If the source is below desired temperature, either the hotel will let it be as is and warn the guests that the onsen may be too cold (especially in winter), or the hotel will opt to heat it up. But heating up water costs money, if the outflow is let off as in the case of kakenagashi, all that heated water essentially goes to waste and continuously heating up fresh water will cost a fortune, so the hotel is forced to recycle the hot outflow to reduce heating bills.
On the other end, if the onsen source is too hot, then the water will need to be cooled down before it can be fed into the baths. Cooling down may sound simple, but natural cooling may not cool down water fast enough nor in sufficient quantity. A heat exchanger may be used but that itself requires a huge amount of fresh cold water that may not be cheaply available.
There’s also the option of adding cold water directly, but that can only be done to a small degree before the water stop qualifying as onsen.
If the onsen source is not of the right temperature it may not be possible for the hotel to do kakenagashi.
Bonus: Kusatsu uses hot water that comes out of their heat exchanger to supply household hot water and pipe it beneath roads to melt snow.
- Gensen Kakenagashi, Gensen 100% Kakenagashi 源泉掛け流し, 源泉100%掛け流し
We’ve already determined kakenagashi means no recycling so it’s the best there is, right?
Well, not quite. If we look at various descriptions onsens hotels use to describe their onsen water, we’ll come some labels like “gensen kakenagashi” (源泉かけ流し), or goodness forbid, “gensen 100% kakenagashi” (源泉100%かけ流し).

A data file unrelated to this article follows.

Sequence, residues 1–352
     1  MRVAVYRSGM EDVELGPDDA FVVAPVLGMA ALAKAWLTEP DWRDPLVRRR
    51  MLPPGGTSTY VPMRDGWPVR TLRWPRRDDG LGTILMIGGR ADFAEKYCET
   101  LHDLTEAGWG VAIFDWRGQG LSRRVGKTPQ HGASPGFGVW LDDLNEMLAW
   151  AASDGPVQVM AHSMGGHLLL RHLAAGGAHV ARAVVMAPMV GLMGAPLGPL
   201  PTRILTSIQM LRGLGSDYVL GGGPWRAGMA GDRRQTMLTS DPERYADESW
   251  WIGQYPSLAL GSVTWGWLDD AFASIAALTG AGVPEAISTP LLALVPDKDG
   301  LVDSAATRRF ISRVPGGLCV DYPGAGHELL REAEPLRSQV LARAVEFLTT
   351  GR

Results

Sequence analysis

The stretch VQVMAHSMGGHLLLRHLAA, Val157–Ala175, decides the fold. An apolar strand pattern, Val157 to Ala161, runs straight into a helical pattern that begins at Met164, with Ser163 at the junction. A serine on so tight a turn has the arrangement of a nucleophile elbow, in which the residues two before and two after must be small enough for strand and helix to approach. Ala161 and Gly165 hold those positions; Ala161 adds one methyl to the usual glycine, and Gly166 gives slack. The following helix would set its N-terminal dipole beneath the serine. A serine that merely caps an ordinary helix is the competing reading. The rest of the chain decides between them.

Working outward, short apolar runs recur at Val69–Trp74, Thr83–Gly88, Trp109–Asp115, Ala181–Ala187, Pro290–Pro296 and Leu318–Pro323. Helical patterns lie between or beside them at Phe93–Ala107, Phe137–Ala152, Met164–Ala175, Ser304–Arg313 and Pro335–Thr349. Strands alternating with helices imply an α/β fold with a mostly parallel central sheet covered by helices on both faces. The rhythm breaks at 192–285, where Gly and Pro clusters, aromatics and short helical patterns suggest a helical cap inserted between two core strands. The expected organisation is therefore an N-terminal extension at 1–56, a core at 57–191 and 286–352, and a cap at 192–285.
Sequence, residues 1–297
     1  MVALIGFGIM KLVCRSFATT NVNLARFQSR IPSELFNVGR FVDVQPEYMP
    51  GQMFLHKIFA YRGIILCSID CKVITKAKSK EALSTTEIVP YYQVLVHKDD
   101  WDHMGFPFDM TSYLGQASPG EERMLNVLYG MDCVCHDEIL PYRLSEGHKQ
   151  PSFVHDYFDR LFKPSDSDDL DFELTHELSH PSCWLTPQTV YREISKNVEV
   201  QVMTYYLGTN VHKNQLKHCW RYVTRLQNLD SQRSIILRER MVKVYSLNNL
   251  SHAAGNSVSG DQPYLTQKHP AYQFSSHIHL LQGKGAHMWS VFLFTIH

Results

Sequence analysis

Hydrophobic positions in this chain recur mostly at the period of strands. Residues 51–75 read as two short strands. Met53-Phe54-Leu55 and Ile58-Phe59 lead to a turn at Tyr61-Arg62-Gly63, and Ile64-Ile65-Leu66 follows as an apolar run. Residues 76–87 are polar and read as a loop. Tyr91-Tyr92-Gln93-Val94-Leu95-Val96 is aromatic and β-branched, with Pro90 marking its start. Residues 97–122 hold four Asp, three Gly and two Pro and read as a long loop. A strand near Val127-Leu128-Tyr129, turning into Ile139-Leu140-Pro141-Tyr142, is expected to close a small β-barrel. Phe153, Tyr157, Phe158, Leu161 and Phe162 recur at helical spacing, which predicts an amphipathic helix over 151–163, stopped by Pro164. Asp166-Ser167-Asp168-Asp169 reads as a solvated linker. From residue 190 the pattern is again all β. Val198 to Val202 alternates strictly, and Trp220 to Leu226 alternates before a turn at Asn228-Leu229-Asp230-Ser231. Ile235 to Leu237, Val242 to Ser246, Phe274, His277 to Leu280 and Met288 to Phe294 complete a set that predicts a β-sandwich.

It’s a way for hotels to promote themselves by sticking more labels to make things seem more impressive.
Let us look at “gensen” first. Gensen means local source, so “gensen kakenagashi” means directly from local source with no recycling.
Technically the term gensen is to separate it from indou (引湯) where onsen water is trucked in to a hotel from elsewhere. Hotels and onsen baths in city do this often to provide the busy city dwellers a chance to relax and enjoy onsen bath.
Sometimes onsen hotels secretly resort to this too when they’re short and desperate for more onsen water, like what happened in Arima (有馬温泉) a few years ago, causing quite a scandal.
Except in the case of kakenagashi this is largely a redundant qualifier since no one is going to be capable of trucking in that much water to allow it to flow continuously without recycling. Adding gensen before kakenagashi is just fluff.
Next let’s see about that 100%. The first thought would be, it means 100% directly from the source without treating it. And that would be correct***. Yes, that’s what it should mean but with several fine prints.